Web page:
It doesn’t work that easily for the enemy though, not against a modern let alone future sensor suit. AIS corresponds to a specific ship, and the US Navy has been collecting ship radar signatures to go with steadily more advanced radars for a long time now. That’s once of those 1980s TASM concepts that went away for a while and now came back. A known ship means a known length, and radar can measure that with considerable accuracy at long range today, and we’ve barely scratched the surface of what digital radar can really do. So a 600ft Chinese frigate can’t be hiding as a 500ft long freighter or a 700ft tanker. The resolution possible with this kind of imaging can be a fraction of a meter in reality. This is a major component of BMD discrimination too; you need damn high dimensional resolution at much longer ranges to tell a warhead from a chunk of fuel tank. Given long enough dwell time; or moving into a closer range then 300nm you can image a ship in enough detail that a decoy swap even wit the same length of freighter just isn’t really possible.

LRASM is specified as using multiple sensors for target identification. Now if you take a known target radar signature, infrared signature and potentially a LIDAR signature depending on what seekers and propulsion systems are used. IR wont work well on a high supersonic missile, and overlay those and you can tell a merchant from a warship pretty reliably. That way place switching and AIS switching can’t foil targeting after the missiles are in the air. Computers are good enough to do this, I really see no reason to think otherwise when BMD discrimination is so much more demanding today. Long range becomes all the more important since it allows a fuel margin for mistaken attacks on merchants, and loiter time to mass the group of searching missiles back together. Most merchants in any case, will have no reason not to keep AIS active and honest while a major war breaks out.

Onboard missile ESM capability is also specified, big help for when the enemy warship decides it doesn’t feel like waiting to be hit any longer and turns on a radar. This isn’t even touching on all the new types of unmanned underwater vehicles, floating and seabed sensors the USN has been working on quietly for years.

I’m not trying to claim to know the true US Navy true plan, but just that solutions exist, and that with the programming now aiming for a FY2012 flight test someone is clearly serious about solving them. Its very hard to figure out budget figures for LRASM because its getting money from more then one DARPA and Navy account but it seems to have been in the range of 75-100 million total for FY2010. Lots of stuff also says that the missile, or at least one of the two reported concepts is based off HyFly technology. IIRC wasn’t that program aimed at 400-600nm range?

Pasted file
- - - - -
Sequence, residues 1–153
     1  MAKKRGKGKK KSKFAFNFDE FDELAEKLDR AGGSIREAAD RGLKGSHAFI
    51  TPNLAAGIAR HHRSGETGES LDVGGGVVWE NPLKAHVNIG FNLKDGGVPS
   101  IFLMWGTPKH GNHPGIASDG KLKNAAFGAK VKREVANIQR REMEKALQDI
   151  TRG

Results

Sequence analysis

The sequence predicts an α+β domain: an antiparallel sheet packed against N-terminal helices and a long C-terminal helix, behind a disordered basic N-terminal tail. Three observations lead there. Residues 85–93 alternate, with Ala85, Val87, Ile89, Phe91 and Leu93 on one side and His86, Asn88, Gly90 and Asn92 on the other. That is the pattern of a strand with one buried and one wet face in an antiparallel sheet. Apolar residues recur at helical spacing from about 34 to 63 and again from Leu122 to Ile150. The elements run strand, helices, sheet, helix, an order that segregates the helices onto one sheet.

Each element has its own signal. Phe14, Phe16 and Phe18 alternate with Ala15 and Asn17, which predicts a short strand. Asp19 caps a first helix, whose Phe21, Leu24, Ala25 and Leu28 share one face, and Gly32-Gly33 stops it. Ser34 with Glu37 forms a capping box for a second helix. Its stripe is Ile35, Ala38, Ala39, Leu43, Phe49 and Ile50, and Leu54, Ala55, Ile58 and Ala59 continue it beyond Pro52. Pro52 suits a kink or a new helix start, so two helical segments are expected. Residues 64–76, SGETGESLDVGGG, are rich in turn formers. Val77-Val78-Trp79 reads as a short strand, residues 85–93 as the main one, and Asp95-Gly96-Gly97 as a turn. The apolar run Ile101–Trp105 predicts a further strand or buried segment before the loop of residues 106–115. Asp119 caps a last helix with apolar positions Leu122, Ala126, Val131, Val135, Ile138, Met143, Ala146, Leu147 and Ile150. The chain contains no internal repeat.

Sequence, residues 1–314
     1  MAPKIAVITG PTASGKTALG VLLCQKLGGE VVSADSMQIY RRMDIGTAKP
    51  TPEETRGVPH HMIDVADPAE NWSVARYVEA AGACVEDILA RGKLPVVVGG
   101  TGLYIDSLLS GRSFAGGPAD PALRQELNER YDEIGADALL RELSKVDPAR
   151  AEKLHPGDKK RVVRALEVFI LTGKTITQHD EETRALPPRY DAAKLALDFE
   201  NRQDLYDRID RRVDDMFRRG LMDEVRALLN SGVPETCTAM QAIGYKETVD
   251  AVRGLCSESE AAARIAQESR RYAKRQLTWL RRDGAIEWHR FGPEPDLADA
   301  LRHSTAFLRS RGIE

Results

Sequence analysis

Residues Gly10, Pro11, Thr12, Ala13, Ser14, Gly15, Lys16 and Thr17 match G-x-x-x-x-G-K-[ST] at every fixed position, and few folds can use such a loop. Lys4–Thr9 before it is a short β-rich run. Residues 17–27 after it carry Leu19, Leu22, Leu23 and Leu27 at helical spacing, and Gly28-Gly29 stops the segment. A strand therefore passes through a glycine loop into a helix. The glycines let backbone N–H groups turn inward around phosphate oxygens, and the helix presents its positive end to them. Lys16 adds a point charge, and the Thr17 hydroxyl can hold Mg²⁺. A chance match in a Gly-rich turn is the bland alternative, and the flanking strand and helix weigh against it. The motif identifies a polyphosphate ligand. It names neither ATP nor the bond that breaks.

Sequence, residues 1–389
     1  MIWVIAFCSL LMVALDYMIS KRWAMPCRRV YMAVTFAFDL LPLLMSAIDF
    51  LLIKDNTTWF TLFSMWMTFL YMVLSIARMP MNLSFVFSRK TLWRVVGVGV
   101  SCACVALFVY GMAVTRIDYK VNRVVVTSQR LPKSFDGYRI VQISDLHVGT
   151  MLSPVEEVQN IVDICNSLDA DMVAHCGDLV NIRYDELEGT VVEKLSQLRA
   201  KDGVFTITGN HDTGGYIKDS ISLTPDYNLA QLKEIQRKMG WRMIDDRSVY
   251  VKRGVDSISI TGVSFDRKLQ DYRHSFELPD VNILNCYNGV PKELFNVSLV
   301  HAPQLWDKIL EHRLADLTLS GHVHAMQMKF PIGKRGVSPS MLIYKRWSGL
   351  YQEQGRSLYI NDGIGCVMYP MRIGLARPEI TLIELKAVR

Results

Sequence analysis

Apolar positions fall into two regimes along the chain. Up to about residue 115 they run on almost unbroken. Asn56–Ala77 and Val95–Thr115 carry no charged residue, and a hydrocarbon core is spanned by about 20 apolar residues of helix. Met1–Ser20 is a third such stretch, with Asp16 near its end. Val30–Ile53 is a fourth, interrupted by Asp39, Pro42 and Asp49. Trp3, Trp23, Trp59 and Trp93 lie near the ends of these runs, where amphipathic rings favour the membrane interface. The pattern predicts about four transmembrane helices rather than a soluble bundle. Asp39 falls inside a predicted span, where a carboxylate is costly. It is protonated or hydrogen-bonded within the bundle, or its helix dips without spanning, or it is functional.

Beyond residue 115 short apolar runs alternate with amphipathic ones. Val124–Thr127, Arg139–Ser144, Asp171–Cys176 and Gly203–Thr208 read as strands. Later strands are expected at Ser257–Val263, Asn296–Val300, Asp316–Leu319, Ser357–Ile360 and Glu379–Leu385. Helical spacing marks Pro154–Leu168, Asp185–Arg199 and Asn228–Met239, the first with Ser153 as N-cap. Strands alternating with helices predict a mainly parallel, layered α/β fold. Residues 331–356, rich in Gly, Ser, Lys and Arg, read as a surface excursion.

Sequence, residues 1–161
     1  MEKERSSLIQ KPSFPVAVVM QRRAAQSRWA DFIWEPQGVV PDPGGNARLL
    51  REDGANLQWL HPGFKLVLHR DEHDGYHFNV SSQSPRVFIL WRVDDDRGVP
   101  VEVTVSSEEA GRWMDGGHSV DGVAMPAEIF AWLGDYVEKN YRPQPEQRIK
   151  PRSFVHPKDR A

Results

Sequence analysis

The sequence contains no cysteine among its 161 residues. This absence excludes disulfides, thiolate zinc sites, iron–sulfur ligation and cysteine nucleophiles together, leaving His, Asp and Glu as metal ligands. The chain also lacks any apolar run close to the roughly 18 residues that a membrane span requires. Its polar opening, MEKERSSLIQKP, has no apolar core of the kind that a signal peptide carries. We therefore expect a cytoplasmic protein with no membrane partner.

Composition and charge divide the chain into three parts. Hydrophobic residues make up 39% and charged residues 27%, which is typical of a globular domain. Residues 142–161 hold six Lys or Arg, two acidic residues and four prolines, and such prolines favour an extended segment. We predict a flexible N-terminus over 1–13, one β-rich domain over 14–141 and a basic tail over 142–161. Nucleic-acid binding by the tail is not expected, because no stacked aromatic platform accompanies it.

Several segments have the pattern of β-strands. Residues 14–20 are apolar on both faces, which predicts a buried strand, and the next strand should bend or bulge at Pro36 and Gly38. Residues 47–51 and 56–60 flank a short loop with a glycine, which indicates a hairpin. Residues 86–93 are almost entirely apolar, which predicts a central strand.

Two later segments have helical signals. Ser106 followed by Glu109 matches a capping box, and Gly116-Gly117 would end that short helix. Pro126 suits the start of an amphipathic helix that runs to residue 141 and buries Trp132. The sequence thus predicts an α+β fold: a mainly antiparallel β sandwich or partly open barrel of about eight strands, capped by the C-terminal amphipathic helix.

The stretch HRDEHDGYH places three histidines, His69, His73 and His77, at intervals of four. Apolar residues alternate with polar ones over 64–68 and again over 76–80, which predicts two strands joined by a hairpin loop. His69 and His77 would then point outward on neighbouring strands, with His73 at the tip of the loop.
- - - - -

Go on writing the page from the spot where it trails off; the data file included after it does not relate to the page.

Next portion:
And of course current solutions to wide-area surveillance tend to rely on radar aboard HALE UAVs. I'm not convinced of the survivability of active emitters against advanced SAMs, LPI techniques and LO shaping notwithstanding.
A warship firing such a round would instantly identify itself to US satellites, any SAM with several hundred mile range is going to have a big infrared launch and boost plume just like a tactical ballistic missile. I’d imagine you have the 40N6 in mind right? Its over four thousand pounds, about on par with a SS-21 lighting off. Anyway, such long range SAMs also have the potential to serve as anti ship weapons themselves (modify the active radar seeker and fire it over on a ballistic arc ect..) so that’s yet another reason to want significant more then 250nm out of a new anti ship missile.

Recon does not have to come from any specific platform alone, its going to be a job for a family of systems which have many other purposes. Big UAVs are nice for the broad area coverage, which I might note would still outrange 40N6. The radar horizon from 65,000 feet is over 300nm and I’m very willing to bet something like MP-RTIP can identify a ship at that kind of distance. But a high-low mix is pretty much a given and relatively low end UAVs may be used to help identify shipping in complex situations near the coastline. UAVs can have been built that can cross the Atlantic and yet weigh just 11lb. Of course you’d need to be a lot bigger to carry a camera and a much better command and control system, but the point being long range sensor platforms don’t all have to be huge. Frankly given the value, and limited numbers of large enemy warships, we can well afford to loose even a Predator or Reaper class of drone to get a look at it anyway.